Microsoft .Net Framework has matured a lot over the past few years. New features and enhancements have been introduced aplenty to optimize it and make it fast, secure, more stable, and high performant. In this article I would like to present a bird’s-eye view of the significant improvements in .Net Framework 4.5.x.
The dreaded Out of Memory exceptions
This is a dreaded error and can well become a nightmare for you. Out of Memory exceptions can terminate the flow of control of your application even when you have enough physical memory installed. Are you kidding? No way! Let me explain why this can occur and how this issue has been addressed in .Net Framework 4.5.
Objects created by the managed environment are stored in heap. Over a period of time the heap may become fragmented because of creation and removal of objects. Fragmentation refers to memory holes (free memory) that are scattered. In such a case, you would often observe Out of Memory exceptions if your application uses large amount of memory and because the runtime would be incapable of allocating space when and if needed even if there may be space available.
Sounds weird? Well, the sum of the memory holes may suffice for this request, but as these memory holes are scattered, the runtime cannot use them.
Compaction of Large-Object Heap on demand
The On-Demand Large Object heap compaction has been newly introduced to compact the heap and eliminate heap fragmentation. Compaction implies compacting all these scattered memory holes into one block. This feature is available (on-demand only) from .Net Framework 4.5.1 to mitigate the Out of Memory exception issues. To enable this feature, you need to set the LargeObjectHeapCompactionMode property.
Incidentally, this property can have one of two values: Default and CompactOnce. The former if set would ignore compaction of large object heap during a GC cycle. If you use the latter, the large object heap would be compacted during the next cycle.
Support for ADO.Net Connection Resiliency
You no longer need to write code to implement connection resiliency to establish idle or broken connections. .Net Framework 4.5.1 comes with this feature built in to re-create broken connections to the database.
Improved startup time: Profile optimization
Profile optimization is a feature that has been introduced in .Net Framework 4.5 that minimizes the application startup time. How does this work? A profile is a file that contains the methods the application would need at the time it starts. When the application starts, the Just in Time Compiler (JIT) runs in a background thread and across multiple processors to generate native code from the IL code.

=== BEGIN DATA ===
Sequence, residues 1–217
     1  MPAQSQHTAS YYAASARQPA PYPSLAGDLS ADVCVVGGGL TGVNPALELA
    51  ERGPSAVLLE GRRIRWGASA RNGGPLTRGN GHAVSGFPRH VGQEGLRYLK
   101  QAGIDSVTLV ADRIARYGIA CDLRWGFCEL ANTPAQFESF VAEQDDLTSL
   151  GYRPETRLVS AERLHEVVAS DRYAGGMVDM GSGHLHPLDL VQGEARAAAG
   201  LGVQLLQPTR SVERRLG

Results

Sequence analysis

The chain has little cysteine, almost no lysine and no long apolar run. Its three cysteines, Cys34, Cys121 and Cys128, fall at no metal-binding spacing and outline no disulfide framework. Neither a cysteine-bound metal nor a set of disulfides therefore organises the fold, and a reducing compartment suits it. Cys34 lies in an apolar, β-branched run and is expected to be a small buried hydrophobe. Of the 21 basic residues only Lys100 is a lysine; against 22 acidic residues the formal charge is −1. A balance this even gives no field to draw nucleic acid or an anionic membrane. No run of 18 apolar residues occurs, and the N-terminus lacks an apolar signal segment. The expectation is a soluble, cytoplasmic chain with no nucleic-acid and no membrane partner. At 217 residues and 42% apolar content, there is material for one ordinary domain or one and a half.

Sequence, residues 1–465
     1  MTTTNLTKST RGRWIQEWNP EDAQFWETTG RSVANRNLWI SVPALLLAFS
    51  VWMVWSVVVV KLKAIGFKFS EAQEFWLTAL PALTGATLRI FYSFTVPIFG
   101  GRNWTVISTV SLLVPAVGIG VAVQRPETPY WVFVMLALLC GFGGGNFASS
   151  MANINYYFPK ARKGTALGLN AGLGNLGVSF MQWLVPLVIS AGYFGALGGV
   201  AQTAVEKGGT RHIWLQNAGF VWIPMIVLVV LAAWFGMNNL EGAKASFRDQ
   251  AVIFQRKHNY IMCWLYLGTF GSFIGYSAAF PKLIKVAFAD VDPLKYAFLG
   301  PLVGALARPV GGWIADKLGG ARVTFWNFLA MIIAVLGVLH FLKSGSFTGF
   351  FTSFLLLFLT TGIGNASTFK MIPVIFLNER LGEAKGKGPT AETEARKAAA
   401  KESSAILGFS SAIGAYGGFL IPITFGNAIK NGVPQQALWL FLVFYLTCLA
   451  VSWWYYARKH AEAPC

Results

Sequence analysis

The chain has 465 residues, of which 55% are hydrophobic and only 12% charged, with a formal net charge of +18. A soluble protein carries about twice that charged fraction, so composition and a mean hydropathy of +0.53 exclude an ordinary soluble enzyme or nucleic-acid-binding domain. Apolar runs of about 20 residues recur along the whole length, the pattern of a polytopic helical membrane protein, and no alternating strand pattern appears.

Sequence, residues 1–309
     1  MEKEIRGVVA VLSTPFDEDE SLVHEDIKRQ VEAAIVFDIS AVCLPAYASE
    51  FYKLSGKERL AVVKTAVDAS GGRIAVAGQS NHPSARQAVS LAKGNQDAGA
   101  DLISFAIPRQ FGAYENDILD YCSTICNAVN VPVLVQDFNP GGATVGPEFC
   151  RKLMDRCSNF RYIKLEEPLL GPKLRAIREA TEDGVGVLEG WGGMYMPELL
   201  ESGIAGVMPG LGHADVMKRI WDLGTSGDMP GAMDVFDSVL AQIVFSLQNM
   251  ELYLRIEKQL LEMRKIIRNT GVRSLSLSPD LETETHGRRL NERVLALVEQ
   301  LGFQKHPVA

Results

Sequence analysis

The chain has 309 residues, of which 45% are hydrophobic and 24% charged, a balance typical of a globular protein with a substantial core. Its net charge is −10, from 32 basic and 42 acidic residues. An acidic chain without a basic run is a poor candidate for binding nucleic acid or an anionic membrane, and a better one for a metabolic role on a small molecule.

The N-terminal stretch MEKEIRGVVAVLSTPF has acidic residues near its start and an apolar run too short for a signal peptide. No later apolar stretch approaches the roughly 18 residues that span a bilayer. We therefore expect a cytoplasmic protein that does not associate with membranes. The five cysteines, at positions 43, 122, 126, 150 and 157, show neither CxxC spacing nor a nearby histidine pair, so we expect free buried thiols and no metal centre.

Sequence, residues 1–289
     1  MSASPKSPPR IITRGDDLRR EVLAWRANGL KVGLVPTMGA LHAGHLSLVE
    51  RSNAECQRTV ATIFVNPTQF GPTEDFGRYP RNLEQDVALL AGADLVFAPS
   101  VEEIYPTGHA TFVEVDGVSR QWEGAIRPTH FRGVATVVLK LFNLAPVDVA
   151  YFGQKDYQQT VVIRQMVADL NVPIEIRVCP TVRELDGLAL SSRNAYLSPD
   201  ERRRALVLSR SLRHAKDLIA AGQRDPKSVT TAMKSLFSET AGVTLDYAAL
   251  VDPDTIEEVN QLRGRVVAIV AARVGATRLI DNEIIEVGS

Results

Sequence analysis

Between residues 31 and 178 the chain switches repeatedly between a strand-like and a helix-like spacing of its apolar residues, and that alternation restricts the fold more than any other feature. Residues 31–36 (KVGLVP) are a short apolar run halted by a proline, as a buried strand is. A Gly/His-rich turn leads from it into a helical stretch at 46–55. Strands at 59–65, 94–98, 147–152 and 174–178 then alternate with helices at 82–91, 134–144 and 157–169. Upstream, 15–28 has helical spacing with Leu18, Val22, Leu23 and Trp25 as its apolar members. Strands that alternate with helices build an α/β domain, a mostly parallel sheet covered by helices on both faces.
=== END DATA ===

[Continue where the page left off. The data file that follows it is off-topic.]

Garbage collection enhancements: Server GC introduced
The managed environment of .Net uses garbage collection to clean up unused or unreferenced objects -- objects that are no longer needed. In the earlier versions of .Net Framework, the GC suspended the application threads when it was busy cleaning up the memory. This was a major performance bottleneck as your application had to wait till the GC finished its work.
With .Net Framework 4.5 this is no longer an issue; server GC has been newly introduced to facilitate cleaning of generation-two objects using a background thread and, hence, minimize the load on the main GC thread as the application threads are much less frequently suspended. With .Net Framework 4.5, background garbage collection is supported in both server and workstation GC. Concurrent garbage collection is also supported now; a dedicated thread performs the garbage collection when needed.
Notable improvements in .Net Framework 4.5.2
Microsoft released .Net Framework 4.5.2 recently. The release was announced by Microsoft in the .Net Framework blog. Here's the link: http://blogs.msdn.com/b/dotnet/archive/2014/05/05/announcing-the-net-framework-4-5-2-release.aspx
Besides improvements in profiling and debugging, there are notable improvements in ASP.Net in .Net Framework 4.5.2. You can now use the HostingEnvironment.QueueBackgroundWorkItem methods to schedule small background tasks asynchronously. To inspect and modify response headers and response codes, you can make use of the HttpResponse.AddOnSendingHeaders and HttpResponseBase.AddOnSendingHeaders methods. You can refer to this MSDN article for further reading: https://msdn.microsoft.com/en-us/library/ms171868%28v=vs.110%29.aspx
What’s coming up next?
Microsoft released a preview version of .Net Framework 4.6 last November. You can download a copy of .Net Framework 4.6 from here: http://www.microsoft.com/en-us/download/details.aspx?id=44928
The software giant also announced that it would revoke its support for .Net Framework versions 4.x through 4.5.1 after January 2016. Read more on this here: http://blogs.msdn.com/b/dotnet/archive/2014/08/07/moving-to-the-net-framework-4-5-2.aspx
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